Thursday, February 23, 2012

Ode to a Former Starship Captain

     William Shatner is currently performing his one man show Shatner's World: We Just Live In It on Broadway.  It's always a risky prospect going to see or meet someone you have deep admiration for, but I went ahead and did it (with the moral support of some fellow admirers) and I'm pleased to say that it was quite charming overall.  He went over his history as a performer, told some anecdotes, told some (often funny) jokes, showed some well-chosen clips and did not overplay the "Shatner persona."
       In the end, what I found most gratifying about the evening was the chance to stand up and applaud.  I was, of course, one person in a huge room of standing, applauding people.  Mr. Shatner didn't see me as anything more than a face in a massive crowd.  However, on a personal level, it was shockingly affecting to be able to say thank you in this way.  I mean, this is a guy who had a profound effect on my life, a guy who (as Captain Kirk) helped me define what it actually meant to be a man, what it meant to stand up for for what's right and stand up to what's wrong.
      How often do you get the opportunity to actually thank your childhood hero?

Thursday, February 16, 2012

Great Graphic Novels for Teens 2012

     ALA's Great Graphic Novels for Teens Committee met in Dallas and compiled a strong list of graphic novels for use in libraries (and for reading enjoyment, too, of course).  We also put together a top ten list from the fifty-six titles.
     This was my last round on the committee, sorry to say, as they were three years very well spent.  Now, on to the Eisners.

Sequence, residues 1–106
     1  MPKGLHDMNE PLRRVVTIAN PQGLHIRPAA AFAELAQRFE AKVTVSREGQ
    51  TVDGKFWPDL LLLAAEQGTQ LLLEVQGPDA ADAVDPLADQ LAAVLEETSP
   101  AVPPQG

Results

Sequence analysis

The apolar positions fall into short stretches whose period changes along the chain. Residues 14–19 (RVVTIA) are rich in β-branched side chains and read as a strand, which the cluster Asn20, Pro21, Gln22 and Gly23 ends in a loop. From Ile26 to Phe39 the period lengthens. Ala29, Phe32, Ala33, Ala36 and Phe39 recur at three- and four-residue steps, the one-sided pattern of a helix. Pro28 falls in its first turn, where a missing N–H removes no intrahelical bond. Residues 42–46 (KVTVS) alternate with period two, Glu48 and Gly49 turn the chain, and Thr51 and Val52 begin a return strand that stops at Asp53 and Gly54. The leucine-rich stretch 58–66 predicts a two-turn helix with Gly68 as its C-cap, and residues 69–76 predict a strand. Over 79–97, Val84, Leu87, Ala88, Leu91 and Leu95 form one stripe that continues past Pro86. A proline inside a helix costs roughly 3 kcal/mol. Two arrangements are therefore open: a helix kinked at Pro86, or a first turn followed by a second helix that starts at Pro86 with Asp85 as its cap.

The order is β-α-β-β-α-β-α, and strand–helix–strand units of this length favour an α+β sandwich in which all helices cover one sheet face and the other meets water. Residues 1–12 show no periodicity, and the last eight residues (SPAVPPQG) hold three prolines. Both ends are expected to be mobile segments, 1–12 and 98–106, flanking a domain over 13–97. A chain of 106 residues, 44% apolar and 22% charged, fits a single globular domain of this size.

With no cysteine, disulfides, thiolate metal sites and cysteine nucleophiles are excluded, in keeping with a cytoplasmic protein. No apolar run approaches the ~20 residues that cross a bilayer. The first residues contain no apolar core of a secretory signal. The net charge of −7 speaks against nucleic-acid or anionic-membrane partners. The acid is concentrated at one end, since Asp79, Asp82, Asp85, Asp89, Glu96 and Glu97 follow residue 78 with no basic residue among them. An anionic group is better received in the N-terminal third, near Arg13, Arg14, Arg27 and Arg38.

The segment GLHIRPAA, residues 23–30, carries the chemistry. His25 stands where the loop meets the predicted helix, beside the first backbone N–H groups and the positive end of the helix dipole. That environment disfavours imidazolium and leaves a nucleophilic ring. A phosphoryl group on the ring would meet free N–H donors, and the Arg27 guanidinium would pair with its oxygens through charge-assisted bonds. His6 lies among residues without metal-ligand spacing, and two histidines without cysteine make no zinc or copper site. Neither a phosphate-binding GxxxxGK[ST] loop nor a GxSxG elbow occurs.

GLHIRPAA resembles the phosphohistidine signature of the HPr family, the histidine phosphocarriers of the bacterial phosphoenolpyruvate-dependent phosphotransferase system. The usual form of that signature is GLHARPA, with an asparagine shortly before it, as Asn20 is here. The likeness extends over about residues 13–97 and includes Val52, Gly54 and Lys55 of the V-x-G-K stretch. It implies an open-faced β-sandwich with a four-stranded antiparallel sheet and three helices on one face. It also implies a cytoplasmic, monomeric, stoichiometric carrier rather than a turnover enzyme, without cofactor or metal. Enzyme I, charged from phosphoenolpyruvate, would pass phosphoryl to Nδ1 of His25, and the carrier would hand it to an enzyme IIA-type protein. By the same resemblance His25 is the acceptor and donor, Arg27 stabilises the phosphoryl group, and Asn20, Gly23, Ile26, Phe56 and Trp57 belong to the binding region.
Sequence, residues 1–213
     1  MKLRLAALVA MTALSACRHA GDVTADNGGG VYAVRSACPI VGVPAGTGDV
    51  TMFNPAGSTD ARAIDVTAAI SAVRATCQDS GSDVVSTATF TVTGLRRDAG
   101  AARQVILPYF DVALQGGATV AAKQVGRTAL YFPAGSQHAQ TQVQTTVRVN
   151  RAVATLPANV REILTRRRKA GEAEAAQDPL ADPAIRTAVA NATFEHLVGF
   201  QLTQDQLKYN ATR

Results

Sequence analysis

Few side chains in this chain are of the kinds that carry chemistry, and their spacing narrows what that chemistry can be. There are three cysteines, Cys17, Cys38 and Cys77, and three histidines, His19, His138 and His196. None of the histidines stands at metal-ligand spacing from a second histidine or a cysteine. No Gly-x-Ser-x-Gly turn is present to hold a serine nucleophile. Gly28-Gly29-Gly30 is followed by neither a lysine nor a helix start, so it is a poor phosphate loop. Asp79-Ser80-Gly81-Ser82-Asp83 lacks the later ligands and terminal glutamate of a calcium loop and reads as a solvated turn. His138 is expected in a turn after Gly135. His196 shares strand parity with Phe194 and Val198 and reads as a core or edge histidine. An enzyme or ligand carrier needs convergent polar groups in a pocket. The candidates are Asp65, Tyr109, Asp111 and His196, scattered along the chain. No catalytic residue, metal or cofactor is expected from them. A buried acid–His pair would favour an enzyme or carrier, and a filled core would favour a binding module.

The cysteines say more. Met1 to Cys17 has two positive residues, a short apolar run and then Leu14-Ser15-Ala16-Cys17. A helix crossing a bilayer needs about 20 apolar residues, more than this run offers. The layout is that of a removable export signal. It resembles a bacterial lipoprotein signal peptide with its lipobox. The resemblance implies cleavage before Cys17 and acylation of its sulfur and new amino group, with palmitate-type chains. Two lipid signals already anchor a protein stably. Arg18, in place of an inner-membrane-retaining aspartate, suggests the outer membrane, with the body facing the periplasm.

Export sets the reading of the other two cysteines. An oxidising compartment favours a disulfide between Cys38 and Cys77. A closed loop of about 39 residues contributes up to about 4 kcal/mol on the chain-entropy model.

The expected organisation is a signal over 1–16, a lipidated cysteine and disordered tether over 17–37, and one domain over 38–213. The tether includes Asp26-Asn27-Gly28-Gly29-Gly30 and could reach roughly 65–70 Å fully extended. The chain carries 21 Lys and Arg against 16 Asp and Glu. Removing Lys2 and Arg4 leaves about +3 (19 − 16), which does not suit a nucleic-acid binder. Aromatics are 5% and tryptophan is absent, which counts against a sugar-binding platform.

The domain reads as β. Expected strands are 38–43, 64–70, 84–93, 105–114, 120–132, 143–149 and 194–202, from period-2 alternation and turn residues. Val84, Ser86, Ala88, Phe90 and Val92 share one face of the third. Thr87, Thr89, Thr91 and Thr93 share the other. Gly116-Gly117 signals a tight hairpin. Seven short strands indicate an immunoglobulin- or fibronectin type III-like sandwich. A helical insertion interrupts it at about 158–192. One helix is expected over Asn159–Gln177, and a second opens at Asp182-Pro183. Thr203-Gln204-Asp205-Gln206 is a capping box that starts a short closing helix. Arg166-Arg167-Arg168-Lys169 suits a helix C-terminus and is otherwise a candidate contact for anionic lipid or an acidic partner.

Thursday, February 9, 2012

If Language Could Kill

     Recently released is The Flame Alphabet by Ben Marcus, about a world in which the language of children -- the simple act of their speaking -- begins to kill their parents.  The idea of language having a deadly physical affect on people is a great one, ripe with all sorts of possibility.  Mr. Marcus tells his own compelling story about it, but here are three other books with a similar concept at their hearts.

Pontypool Changes Everything by Tony Burgess - a virus transmitted through conversation turns the infected into rampaging killers.  There was also a movie based on this one.

Lullaby by Chuck Palahniuk - a children's lullaby, when recited, can channel a targeted psychic deathblow.  

The Man Who Collected Machen by Mark Samuels -  a book of weird tales featuring several stories of toxic language, including one called "THYXXOLQU," in which gibberish begins to take over all written words.

Thursday, February 2, 2012

Graphic Novels in Your School Library Review

     It is eminently understandable that people would be quicker (and generally more enthusiastic) to review a novel like Those That Wake than to review a relatively small trade publication like Graphic Novels in Your School Library.  However, the first one has come in from the Midwest Book Review and it reads, in part "Graphic Novels in Your School Library is an excellent and practical start to helping even those who have no idea [where] to begin with these works."